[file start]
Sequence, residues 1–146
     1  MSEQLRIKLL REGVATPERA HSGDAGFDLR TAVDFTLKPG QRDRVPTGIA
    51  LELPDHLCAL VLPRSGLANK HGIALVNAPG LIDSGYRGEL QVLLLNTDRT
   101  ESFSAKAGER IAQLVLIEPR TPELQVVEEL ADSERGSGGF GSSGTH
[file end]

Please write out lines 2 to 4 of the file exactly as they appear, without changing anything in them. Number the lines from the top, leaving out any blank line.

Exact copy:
     1  MSEQLRIKLL REGVATPERA HSGDAGFDLR TAVDFTLKPG QRDRVPTGIA
    51  LELPDHLCAL VLPRSGLANK HGIALVNAPG LIDSGYRGEL QVLLLNTDRT
   101  ESFSAKAGER IAQLVLIEPR TPELQVVEEL ADSERGSGGF GSSGTH